The Royal Flush of Content: The Writer as Queen—Part 1

Went to three conferences last week, which is why you haven’t heard from me.  Storyworld which was about transmedia–telling the same story across different media platforms; the PublishersLaunch conference about E-books; and the New Media Festival. They were all excellent, and I will tell you more about them. But in this post and the next two, my overall
impressions and takeaways with great news for writers.

The accelerating revolution in communication made possible by technology in the hands of the growing number of people around the world is transforming the world. Intel CEO Paul Otellini says that “Computing is undergoing the most remarkable transformation since the inventions of the PC. The innovation of the next decade is going to outstrip the innovation of the last three combined.” By 2020, there will be 15 billion mobile Web-enabled devices. Anywhere, anytime access to all information and entertainment, along with the ability to communicate about content and collaborate on it are a writer’s dream.

Mike Shatzkin, the visionary co-founder of Publishers Launch, writes “The Shatzkin File,” a blog that’s essential reading. Mike believes that the age of top-down broadcasting, whether
it’s four television networks or six publishing conglomerates, is dying. The creation and success of content will be bottom up. Audiences will help create content and share what they love. Content will be Queen.

But because of word of mouse that can go viral, community will be King. Crowdsourcing ideas and responses to your work will help ensure you write what your fans want to read. You will still have to trust your instincts and common sense, and use what works and forget the rest. But your success will depend on your readers’ fingertips and the tips of their tongues. Engaging your community by connecting with them as often and in as many ways as you can will be essential to building your career. Writing helps build community; maintaining your community helps builds a career.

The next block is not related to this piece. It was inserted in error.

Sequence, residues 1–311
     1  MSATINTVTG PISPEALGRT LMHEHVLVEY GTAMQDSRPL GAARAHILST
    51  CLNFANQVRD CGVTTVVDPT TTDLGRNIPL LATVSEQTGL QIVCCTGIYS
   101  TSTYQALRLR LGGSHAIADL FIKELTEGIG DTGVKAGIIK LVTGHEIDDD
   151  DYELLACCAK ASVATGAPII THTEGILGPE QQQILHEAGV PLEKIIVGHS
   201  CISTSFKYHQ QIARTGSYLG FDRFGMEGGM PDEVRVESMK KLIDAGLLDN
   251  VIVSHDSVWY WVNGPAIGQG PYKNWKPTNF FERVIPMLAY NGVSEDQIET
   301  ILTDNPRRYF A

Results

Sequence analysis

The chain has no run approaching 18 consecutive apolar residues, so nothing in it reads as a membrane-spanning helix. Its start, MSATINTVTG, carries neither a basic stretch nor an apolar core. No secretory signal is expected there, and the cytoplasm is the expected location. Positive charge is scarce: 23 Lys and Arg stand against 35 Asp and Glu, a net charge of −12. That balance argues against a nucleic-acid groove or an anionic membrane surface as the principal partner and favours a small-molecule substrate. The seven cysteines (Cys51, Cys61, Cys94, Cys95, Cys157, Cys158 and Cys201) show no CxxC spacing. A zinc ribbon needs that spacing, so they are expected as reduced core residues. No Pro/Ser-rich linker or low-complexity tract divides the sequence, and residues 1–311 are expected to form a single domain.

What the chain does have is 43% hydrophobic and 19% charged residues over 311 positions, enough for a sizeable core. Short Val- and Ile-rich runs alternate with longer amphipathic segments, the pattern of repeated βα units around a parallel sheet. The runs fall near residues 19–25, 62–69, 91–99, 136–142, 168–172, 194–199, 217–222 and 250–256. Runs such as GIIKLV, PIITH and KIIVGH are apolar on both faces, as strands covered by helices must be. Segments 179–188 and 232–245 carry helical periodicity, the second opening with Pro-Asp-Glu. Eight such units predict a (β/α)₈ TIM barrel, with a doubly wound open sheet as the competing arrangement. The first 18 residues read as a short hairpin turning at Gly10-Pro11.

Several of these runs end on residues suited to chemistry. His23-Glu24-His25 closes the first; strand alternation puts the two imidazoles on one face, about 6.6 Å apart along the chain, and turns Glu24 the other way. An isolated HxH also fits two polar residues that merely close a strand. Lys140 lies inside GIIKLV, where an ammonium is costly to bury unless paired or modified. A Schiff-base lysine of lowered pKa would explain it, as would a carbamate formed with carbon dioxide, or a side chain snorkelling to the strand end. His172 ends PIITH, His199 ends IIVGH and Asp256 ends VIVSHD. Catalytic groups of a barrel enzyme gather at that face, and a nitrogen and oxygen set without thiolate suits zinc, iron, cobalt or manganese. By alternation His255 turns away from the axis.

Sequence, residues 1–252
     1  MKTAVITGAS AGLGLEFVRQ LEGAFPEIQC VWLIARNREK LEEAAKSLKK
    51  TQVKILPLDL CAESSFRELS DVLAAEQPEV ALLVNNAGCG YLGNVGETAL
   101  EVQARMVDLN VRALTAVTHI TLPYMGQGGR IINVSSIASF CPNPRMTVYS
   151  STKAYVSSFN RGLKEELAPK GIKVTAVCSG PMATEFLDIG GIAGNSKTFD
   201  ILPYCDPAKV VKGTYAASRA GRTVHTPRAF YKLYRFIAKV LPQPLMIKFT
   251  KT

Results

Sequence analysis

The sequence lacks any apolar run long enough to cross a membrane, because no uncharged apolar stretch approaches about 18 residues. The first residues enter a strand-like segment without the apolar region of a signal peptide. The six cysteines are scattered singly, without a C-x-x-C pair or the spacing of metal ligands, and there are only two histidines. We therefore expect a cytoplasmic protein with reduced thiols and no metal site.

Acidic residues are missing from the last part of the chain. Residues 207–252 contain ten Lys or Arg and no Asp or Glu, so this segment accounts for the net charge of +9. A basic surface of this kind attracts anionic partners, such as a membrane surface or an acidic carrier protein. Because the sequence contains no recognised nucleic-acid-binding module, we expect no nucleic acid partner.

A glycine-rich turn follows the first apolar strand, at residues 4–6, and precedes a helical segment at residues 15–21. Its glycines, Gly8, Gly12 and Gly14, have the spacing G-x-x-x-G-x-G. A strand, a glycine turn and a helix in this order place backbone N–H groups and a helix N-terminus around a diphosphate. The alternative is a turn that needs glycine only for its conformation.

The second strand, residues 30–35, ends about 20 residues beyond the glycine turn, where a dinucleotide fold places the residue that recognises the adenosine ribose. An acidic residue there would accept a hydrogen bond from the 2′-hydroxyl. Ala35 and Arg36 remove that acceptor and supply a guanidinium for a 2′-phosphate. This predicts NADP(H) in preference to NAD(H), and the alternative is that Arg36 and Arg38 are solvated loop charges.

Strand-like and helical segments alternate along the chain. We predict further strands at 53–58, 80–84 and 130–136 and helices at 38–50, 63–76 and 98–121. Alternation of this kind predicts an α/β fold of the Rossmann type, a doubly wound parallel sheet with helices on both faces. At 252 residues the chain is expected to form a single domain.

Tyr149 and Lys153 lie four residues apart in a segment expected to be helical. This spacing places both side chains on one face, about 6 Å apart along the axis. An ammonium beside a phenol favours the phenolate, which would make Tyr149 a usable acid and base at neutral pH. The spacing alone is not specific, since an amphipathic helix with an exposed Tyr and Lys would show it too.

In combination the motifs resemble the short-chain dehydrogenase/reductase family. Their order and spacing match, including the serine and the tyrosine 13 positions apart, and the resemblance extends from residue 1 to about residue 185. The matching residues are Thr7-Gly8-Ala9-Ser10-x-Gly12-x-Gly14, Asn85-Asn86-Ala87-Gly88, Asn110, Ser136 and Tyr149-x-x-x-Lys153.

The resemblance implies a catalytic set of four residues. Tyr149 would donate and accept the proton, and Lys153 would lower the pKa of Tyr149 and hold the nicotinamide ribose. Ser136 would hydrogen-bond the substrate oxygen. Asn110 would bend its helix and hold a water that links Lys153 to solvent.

Are you ready for an easy-to-use smart TV that has all of the stations in the world? It was Steve Jobs’ vision, and it’s in the works. Theater attendance is declining, in part because we’re already starting to live with three screens: a computer/tablet, a smart phone, and a television. MTV viewers watch all three simultaneously, so MTV is providing three screens with different content about the same show. Viewers can use split screens if they wish and will soon able to move what’s on one screen to another.

Adapting stories you can tell in movies and on television, computers/tablets, and smartphones as well as in books, games, and three-minute webisodes is the promise of transmedia, and it’s starting to happen. Audiences want great stories, but they use different media to enjoy them. The challenge is to create scalable stories that can be repurposed in as many ways as possible. But you can still write that first draft with a No. 2 Ticonderoga, so have at it!

The rest of the Royal Flush of Information: Marketing will be the Jack, and passion will be the Ten. The Ace? Control of Content. More about that and why all you need is an audience of one in the next post. I’m thinking about the rest of the deck, but the cards are stacked in your favor.

[Formatting anomalies not in draft. Suggestions welcome.]

I write the blog to help us both understand what we need to know about writing, publishing, promotion, and agents. I hope you find it worth reading and sharing. Rants, comments, questions, corrections, and ideas for posts greatly appreciated.

The 9th San Francisco Writers Conference / A Celebration of Craft, Commerce & Community / February 16-20, 2012 / / [email protected] / / @SFWC / / 415-673-0939 / 1029 Jones Street / San Francisco, 94109 / San
Francisco Writers University / Where Writers Meet and You Learn / Laurie McLean, Dean / free classes / / [email protected] / @SFWritersU


  1. Good blog. I got a lot of great info. I’ve been watching this technology for awhile. It’s fascinating how it keeps varying, yet some of the core factors remain the same. Have you seen much change since Google made their most recent acquisition in the domain?


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